Romance of Three Kingdoms Chapter 77


Cao Cao Is Possessed At Luoyang;
Guan Yu Manifests At The Jade Spring Mount.

Sun Quan having asked Lu Meng for a plan, Lu Meng replied, “This Guan Yu has very few soldiers left, and he will not venture along the high road. North of Maicheng is a risky path, and he will try to escape along that. Therefore you must lay an ambush for him seven miles away from the city, but do not stop him. Let him go by, and then harass his rear. Thus he will be forced into Linju. Set another small ambush near there, and you will capture your enemy. For the present, attack the city vigorously on all sides but one, leaving the north gate for escape.”

Before carrying out this plan, Sun Quan bade Lu Fan consult the auspices.

Lu Fan did so, announcing, “The enemy will flee toward the northwest, but will be caught that night before midnight.”

So Zhu Ran was sent in command of the first ambush, and Pan Zhang was the second. The troops sent were all veterans.

When Guan Yu mustered his fighting men in the city of Maicheng, he had but three hundred. The food was done. That night many soldiers of Wu came to the city walls and called to their friends by name, and many of these slipped over the wall and deserted, reducing the small force still further. No rescue force appeared, and Guan Yu was at the end of his resources.

Again he bewailed to Wang Fu, saying, “I regret that I have neglected your wise warning. In this danger what is to be done?”

[e] Lu Wang was a master strategist, founding minister of Zhou Dynasty, counselor to King Wen. Before joining King Wen, Lu Wang had been a fisher, who mediated on the river bank on political events. …..

“I think even if Lu Wang* could come to life again, he would be helpless in this case,” replied Wang Fu, weeping.

Said Zhao Lei, “Liu Feng and Meng Da have surely decided not to send help from Shangyong. Let us abandon this miserable place, try to get to Yizhou, and recover the army. We may then tempt our fortune once more.”

“I agree with you that that is the best plan,” said Guan Yu.

Then he ascended the walls and surveyed the country. Noting that the weakest side was the north, he called in some of the inhabitants and inquired the nature of the country on that side.

They replied, “There are only paths there, but by them one may get into the West River Land.”

“We will go that way tonight,” said Guan Yu.

Wang Fu opposed it, saying, “General, you will surely fall into an ambush. The main road will be safer.”

“There may be an ambush, but do I fear that?” said the old warrior.

Orders were given to be ready to march.

“At least be very cautious,” said Wang Fu. “I will defend this city to the very last. I only need a hundred troops. Never will we surrender. Only I hope, Most Noble General, that you will send me speedy help.”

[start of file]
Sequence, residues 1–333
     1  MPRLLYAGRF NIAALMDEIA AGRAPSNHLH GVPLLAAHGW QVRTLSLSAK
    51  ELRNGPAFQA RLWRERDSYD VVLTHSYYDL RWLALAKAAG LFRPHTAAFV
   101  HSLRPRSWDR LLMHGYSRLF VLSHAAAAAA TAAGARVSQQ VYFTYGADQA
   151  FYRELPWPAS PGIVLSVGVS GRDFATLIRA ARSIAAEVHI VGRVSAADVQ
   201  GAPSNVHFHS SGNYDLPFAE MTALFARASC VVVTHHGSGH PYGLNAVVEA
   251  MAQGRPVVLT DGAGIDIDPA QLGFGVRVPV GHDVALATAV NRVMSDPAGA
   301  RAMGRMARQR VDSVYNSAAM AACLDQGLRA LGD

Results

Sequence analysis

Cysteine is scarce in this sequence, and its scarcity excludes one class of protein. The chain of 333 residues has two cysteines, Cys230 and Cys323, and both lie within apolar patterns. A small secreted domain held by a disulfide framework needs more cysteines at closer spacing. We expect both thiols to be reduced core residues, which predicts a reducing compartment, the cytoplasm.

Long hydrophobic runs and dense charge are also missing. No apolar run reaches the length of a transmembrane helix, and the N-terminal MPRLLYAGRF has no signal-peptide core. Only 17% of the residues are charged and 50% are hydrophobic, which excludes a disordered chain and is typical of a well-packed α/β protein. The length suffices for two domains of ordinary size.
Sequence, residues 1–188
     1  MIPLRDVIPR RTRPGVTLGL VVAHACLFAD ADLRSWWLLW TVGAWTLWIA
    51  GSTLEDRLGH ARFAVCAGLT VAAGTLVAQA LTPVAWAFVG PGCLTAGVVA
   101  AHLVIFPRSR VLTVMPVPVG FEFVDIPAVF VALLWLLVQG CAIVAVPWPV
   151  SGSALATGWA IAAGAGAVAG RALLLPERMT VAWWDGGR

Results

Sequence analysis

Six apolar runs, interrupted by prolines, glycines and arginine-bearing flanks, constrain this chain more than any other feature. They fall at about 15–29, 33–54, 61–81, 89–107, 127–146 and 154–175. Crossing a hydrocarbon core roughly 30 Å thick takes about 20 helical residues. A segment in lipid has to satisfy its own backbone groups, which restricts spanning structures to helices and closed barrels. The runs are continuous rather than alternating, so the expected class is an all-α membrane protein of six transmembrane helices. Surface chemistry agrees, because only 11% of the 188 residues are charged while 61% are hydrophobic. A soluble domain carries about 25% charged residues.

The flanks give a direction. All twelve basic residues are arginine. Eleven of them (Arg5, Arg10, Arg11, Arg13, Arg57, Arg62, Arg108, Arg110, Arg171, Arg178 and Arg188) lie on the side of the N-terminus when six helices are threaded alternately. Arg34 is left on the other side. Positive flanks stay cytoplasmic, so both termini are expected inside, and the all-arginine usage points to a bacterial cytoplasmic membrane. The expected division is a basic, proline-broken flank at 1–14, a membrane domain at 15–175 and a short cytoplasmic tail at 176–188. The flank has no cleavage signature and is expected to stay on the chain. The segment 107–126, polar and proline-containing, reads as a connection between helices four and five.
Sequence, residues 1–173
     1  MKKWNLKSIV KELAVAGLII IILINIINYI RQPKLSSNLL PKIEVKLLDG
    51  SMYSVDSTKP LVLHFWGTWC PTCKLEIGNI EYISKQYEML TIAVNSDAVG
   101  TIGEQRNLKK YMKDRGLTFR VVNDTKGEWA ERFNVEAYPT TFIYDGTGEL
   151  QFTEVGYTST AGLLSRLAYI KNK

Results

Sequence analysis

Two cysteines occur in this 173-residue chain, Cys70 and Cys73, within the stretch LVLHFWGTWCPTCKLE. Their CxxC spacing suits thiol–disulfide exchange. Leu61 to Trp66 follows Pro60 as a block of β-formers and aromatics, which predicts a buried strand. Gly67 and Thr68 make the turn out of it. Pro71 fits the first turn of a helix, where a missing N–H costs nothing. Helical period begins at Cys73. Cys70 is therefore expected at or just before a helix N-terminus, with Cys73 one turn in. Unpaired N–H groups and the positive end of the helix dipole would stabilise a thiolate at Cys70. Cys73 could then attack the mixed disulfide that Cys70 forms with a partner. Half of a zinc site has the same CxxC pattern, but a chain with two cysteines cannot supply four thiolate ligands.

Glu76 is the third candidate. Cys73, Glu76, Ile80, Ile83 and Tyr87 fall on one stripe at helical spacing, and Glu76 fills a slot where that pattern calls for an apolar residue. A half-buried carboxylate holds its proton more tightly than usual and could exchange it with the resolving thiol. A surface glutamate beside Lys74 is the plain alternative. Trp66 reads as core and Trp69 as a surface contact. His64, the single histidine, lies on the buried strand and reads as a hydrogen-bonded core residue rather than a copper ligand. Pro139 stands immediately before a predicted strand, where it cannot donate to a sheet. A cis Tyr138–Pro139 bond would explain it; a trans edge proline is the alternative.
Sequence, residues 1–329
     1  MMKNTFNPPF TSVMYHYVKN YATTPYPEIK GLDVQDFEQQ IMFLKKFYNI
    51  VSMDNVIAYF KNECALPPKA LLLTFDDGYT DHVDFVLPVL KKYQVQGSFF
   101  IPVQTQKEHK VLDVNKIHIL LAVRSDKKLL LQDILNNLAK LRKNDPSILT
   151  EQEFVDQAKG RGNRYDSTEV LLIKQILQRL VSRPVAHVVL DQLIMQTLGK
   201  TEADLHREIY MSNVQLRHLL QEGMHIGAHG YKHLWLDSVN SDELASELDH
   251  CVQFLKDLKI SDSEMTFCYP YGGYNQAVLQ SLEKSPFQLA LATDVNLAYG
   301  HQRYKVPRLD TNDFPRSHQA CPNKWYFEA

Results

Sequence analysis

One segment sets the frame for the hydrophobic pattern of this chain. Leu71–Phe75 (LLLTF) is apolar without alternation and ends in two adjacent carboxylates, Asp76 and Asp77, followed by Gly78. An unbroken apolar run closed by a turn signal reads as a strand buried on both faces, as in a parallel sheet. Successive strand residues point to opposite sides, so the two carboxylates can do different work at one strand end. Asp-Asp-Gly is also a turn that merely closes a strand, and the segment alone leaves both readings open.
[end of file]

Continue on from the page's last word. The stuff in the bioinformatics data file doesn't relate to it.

The two parted in tears. Wang Fu and Zhou Cang remaining to guard Maicheng. Guan Yu, Guan Ping, and Zhao Lei marched with their weak force out of the north gate. Guan Yu, his green-dragon saber ready to hand, went first. About the third watch, seven miles lay between them and the city. There they saw a deep cleft in the hills wherefrom rolled the sound of beaten drums. And men were shouting. Soon appeared a large force with Zhu Ran at their head.

He came dashing forward, and summoned the small party, saying, “Guan Yu, do not run! Surrender and live!”

But Guan Yu whipped his steed to a gallop and bore down on the leader with anger in his eyes. Then Zhu Ran ran away. Guan Yu followed him till there came the loud boom of a large drum, and out sprang troops from all sides. Guan Yu dared not engage such a number, and fled in the direction of Linju. Zhu Ran came up behind and attacked the flying soldiers, so that Guan Yu’s following gradually became smaller and smaller.

Still he struggled on. A few miles farther the drums rolled again, and torches lit up all round. This was Pan Zhang’s ambush, and he appeared flourishing his sword. Guan Yu whirled his blade and went to meet him, but Pan Zhang ran away after a couple of bouts. However, Guan Yu saw they were too many for him, and sought refuge among the mountains.

His son followed, and when he got within speaking distance, Guan Ping gave him the mournful tidings: “Zhao Lei has fallen in the melee!”

Guan Yu was very sad, and bade his son try to protect the rear while he should force his way forward.

With about ten men he reached Zhuxi, a place with mountains on both sides. At their foot was a thick mass of reeds and dried grass. The trees grew very close. It was then the fifth watch. Presently the small party stumbled into another ambush, and the ambushing soldiers thrust forth hooks and threw ropes. Entangled in these, Guan Yu’s horse fell, and Guan Yu reeled out of the saddle. In a moment Ma Zhong, the Marching General of Pan Zhang, made him a prisoner. Guan Ping dashed to his rescue, but before he could do anything, he also was surrounded and held. Father and son were both captives.

With great joy Sun Quan heard of the success of his plans. In the morning, he assembled all his officers in his tent to await the arrival of the prisoners. Before long, Ma Zhong came hustling his prisoner before his lord.

“I have long had a friendly feeling for you,” said Sun Quan to Guan Yu, “on account of your great virtues. Now I would have made a covenant and alliance with you, if you would. You and your son have long held yourselves to be invincible, but you see you are my prisoners today. Yet I hope to win you over to my side.”

But Guan Yu only answered roughly, “You green-eyed boy! You purple-bearded rat! I made a covenant in the Peach Garden with my brothers to uphold the Hans. Think you that I will stand side by side with a rebel such as you are? I am a victim of your vile schemes, but I can only die once. And there is no need of many words.”

“He is a real hero, and I love him,” said Sun Quan to those standing near. “I will treat him well and endeavor to win him over. Do you think it well?”